Mike Bell, global market strategist at JPMorgan Asset Management takes a look at whether we are past the peak of both economic growth and equity performance.
Business surveys in the US indicate that business optimism and the pace of economic growth are most likely peaking. With the US unemployment rate at only 3.8 per cent, fast approaching the lowest level seen in the last 50 years, economic growth should naturally slow as the economy starts to run out of workers who are available and sufficiently trained to fill the increasing number of job vacancies. There are currently over 6.5 million unfilled job openings in the US, the highest level on record. The percentage of people who think it is hard to get a job at the moment has fallen to 15 per cent, the lowest level since 2001.
To keep growing at the pace it has been, the US needs either more immigration or an increase in worker productivity. The political environment though has clearly shifted in favour of less rather than more immigration. Productivity growth, getting more output out of existing workers, could be the knight in shining armour which comes to the rescue. Business investment intentions surveys give some hope that a potential rise in productivity is a possibility. However, this has historically been remarkably rare, with productivity growth tending to decline when unemployment rates are low, with the notable exception of the late 1990s. So while a productivity pick up is a possibility it may not materialise in a meaningful enough way in time to save this economic cycle. If so growth rates will likely peak soon.
With US corporate earnings growing by 24 per cent year-on-year in the latest quarterly reporting season, helped by the sugar rush of tax cuts, it is also almost inevitable that the pace of US earnings growth will peak this year. Even excluding the effect of tax cuts, US companies will probably struggle to continue to grow earnings at the strong pace they currently are.
Are equities past their peak?
In the Eurozone, unemployment has more room to fall than in the US, and earnings are rising off of a lower base. As in the US, business surveys suggest the pace of growth may have peaked but that the economy will grow less quickly rather than contract in the coming months. Still high consumer confidence suggests that equities haven’t yet peaked. Eurozone data has been disappointing relative to expectations since the start of March. However, since 2005 as long as the economy doesn’t head into recession and the data merely stops disappointing by as much as it has been, Eurozone equities have always made gains over the next six months. This suggests that while the political situation in Italy poses some downside risks, Eurozone equities probably haven’t peaked and are most at risk from an eventual US recession dragging them lower.
With US economic growth and corporate earnings peaking, is that a reason to fear that January’s high for the S&P 500 was the high point for this cycle? If we look at the previous cycle, the pace of US economic growth peaked at the end of 2003 and then slowed pretty consistently all the way into the recession in 2008. Despite the pace of growth peaking in late 2003, US equities didn’t peak until October 2007. So clearly a peak in the pace of growth, needn’t be bad for equity markets, as long as the economy continues to grow.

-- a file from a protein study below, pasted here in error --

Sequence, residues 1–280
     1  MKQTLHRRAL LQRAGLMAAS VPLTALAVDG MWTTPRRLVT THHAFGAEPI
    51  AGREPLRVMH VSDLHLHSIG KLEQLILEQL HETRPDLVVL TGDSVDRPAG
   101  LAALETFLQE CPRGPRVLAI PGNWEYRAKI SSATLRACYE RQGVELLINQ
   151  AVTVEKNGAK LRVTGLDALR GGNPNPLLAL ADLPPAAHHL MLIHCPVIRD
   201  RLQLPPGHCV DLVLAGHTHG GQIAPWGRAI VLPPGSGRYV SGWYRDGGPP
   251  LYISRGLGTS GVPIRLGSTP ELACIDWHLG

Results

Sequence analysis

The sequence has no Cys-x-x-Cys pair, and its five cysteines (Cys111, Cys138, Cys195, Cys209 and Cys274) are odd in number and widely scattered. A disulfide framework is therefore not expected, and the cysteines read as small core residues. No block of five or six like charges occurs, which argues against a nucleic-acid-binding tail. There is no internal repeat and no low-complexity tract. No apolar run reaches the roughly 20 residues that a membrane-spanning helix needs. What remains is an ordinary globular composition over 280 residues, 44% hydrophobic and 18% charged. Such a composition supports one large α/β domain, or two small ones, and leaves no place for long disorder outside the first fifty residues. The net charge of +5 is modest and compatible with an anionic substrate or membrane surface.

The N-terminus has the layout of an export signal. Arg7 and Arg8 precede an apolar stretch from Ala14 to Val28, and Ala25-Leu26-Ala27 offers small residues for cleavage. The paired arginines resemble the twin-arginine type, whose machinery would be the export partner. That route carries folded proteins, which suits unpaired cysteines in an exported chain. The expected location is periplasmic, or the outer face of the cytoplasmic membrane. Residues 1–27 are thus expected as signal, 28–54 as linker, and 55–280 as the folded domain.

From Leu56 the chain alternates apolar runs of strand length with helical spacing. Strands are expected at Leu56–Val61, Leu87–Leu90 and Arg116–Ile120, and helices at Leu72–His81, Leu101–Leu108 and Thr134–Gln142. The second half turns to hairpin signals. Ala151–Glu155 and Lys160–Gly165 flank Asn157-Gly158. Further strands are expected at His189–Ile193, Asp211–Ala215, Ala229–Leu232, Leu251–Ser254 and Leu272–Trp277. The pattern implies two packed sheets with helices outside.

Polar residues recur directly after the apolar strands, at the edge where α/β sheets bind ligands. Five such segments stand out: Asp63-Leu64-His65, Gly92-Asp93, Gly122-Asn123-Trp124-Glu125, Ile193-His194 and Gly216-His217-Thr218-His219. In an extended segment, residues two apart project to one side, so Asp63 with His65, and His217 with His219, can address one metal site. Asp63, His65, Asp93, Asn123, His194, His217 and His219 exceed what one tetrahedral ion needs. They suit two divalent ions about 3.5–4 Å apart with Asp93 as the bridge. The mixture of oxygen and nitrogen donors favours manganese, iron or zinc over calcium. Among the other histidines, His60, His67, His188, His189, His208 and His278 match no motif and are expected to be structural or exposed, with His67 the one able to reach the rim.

Investors also worry about the peak in the US Institute for Supply Management’s (ISM) surveys as they have historically been a good lead indicator for growth. The ISM manufacturing survey peaked in February at 60.8, consistent with very strong growth, and has since fallen to 58.7, consistent with still healthy but slightly less strong growth. Since the 1950s, once the ISM manufacturing survey hit 60, the S&P 500 made gains nearly 70 per cent of the time over the next six months.
Historically, the peak in equity markets, has normally required not just a slowdown in growth but for there to be a recession on the horizon within the next year. The flash crash of 1987 is the only equity bear market since the 1970s that wasn’t followed by a recession within a year. While medium term recession risks are clearly rising as interest rates rise, the probability of the US entering recession by this time next year remains quite low given the boost from the US administration’s fiscal stimulus is only just beginning to filter through into the economy.
So if peak economic and earnings growth aren’t signals for a peak in equity markets, what would have warned of past bear markets? In both of the last two, the conference board’s leading economic indicator peaked before equity markets. The three month average of initial jobless claims troughed at or just before the point at which equities peaked. The conference board’s measure of consumer confidence also peaked around the same time as equities and was falling sharply by the time equities entered a bear market. At the moment, these economic indicators aren’t suggesting that US equities have already peaked.
When the facts change, we should change our minds but not until then. With the unemployment rate at such low levels and wages and interest rates rising, the probability of a US recession at some point in the next two to three years seems pretty elevated. However, with the economic data still positive it’s probably too early to call the peak in equities just yet.
Subscribe to Money Observer Magazine
Be the first to receive expert investment news and analysis of shares, funds, regions and strategies we expect to deliver top returns, plus free access to the digital issues on your desktop or via the Money Observer App.Subscribe now